Studies have shown that the 340B program is sustainable for pharmaceuticals. During 2015, Americans spent $457 billion on prescription drugs. The 340B program accounts for only 2.8 percent ($12.8 billion) of this spending.

PA hospitals say:  “Protect 340B drug discounts. Take a commonsense approach to fostering accountability.”

A recent proposal by the federal government would reduce 340B drug discounts. The U.S. Congress is also looking at policy that would greatly restrict the benefits of the program.

Pennsylvania hospitals urge federal policymakers to protect 340B discounts and savings. These are crucial to helping vulnerable, at-risk patients and their hospitals.

But Pennsylvania hospitals are ready to discuss practical, commonsense approaches to fostering transparency and accountability. Annual recertification and audits are already required.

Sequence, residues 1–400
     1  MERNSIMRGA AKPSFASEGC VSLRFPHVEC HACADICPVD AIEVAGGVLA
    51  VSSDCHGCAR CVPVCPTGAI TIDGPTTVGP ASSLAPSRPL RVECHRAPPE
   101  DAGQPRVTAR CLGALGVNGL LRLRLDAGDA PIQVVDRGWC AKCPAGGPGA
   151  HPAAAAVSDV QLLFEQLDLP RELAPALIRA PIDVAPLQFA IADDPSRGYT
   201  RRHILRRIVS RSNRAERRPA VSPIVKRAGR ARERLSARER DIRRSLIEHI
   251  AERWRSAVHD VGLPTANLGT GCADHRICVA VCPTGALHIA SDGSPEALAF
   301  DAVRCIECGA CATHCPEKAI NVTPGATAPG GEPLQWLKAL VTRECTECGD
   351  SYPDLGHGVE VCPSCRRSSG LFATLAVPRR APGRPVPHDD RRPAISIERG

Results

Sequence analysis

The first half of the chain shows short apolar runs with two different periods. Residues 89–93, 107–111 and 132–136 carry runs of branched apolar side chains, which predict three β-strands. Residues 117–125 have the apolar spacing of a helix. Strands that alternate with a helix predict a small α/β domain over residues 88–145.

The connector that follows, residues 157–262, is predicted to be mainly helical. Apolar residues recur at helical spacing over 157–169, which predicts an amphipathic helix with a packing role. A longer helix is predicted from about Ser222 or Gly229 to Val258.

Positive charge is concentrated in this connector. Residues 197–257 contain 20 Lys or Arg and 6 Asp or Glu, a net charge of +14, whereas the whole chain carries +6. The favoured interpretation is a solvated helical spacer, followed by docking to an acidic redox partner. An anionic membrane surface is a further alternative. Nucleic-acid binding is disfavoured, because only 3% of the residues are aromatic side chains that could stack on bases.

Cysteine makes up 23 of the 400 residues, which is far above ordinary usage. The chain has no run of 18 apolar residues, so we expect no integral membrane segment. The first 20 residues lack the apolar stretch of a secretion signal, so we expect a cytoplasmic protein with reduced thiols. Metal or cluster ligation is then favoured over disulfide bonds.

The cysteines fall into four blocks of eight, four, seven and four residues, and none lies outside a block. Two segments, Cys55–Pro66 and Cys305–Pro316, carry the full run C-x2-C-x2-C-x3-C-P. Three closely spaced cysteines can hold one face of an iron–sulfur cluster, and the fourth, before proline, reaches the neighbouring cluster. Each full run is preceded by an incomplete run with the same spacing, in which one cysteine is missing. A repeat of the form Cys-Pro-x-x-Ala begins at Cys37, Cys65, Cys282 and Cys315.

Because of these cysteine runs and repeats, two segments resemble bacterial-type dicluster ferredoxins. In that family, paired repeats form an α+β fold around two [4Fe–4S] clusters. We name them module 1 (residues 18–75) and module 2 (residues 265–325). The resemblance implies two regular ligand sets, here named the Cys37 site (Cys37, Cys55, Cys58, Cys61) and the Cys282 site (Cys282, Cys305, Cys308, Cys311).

On behalf of the Pennsylvania hospitals I serve, I have a request.

Please refrain from saddling hospitals with more red tape, regulations, and burdensome paperwork—be it real or digital.  In my view, health care already has plenty of those.

Jolene Calla
Written by Jolene Calla

Jolene Calla serves as the vice president of health care finance and insurance for The Hospital and Healthsystem Association of Pennsylvania.  In this role, Jolene directs all activities related to health care finance, including Medicare, Medicaid, and other government reimbursement for health care providers.